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Can All Of The Defective Takata Airbags Ever Be Completely Recalled?

Illustration for article titled Can All Of The Defective Takata Airbags Ever Be Completely Recalled?
The Morning ShiftAll your daily car news in one convenient place. Isn't your time more important?

Good Morning! Welcome to The Morning Shift, your roundup of the auto news you crave, all in one place every weekday morning. Here are the important stories you need to know.


1st Gear: Total Recall?

The Takata airbag crisis continues to grow and grow, with more brands and models being named as having the potentially lethal explosive bags every day. The AP asks, what are the odds this problem can ever be completely fixed?

Experts say there could be as many as 50 million Takata air bag inflators in cars that have yet to be called back for repairs. For drivers of those vehicles, finding out if their car has a Takata inflator can be tricky. They either have to convince a dealer to take apart the car to look, or get the automaker to tell them. Some, like General Motors and Ford, won’t tell. Nissan and Toyota won’t say if they will disclose a Takata inflator. Fiat Chrysler, Mazda, Mercedes and BMW say they’ll tell if asked.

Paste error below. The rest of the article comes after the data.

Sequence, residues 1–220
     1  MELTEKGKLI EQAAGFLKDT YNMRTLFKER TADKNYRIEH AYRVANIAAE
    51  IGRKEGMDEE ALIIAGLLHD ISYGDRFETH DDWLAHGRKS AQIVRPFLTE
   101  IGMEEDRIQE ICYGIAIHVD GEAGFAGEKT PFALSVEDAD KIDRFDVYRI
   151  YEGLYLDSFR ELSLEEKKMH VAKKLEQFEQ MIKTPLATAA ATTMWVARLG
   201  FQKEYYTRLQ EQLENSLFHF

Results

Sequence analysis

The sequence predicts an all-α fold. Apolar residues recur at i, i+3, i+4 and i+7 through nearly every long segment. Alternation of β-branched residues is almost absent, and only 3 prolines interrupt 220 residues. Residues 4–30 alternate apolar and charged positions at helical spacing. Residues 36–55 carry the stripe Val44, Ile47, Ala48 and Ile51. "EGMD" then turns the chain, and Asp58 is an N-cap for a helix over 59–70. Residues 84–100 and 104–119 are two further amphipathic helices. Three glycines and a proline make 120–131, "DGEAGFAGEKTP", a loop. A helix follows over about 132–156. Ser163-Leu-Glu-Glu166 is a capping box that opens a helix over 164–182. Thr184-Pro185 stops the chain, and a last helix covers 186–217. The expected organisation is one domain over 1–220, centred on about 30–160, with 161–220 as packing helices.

NHTSA spokesman Gordon Trowbridge says the agency doesn’t have the data yet to justify a recall of every Takata inflator. The agency has given Takata until the end of 2018 to solve the problem or issue a blanket recall. Takata says it continues to investigate the cause; NHTSA and the auto industry also have investigations under way.


And why that’s scary:

The death of Joel Knight, 52, underscores how perplexing the search for a solution is. On Dec. 22, Knight’s 2006 Ford Ranger struck a cow on a rural road near his home in Kershaw, South Carolina. He died after metal fragments from the driver’s inflator impaled his neck. According to a law firm representing Knight’s family, the crash was moderate and otherwise survivable.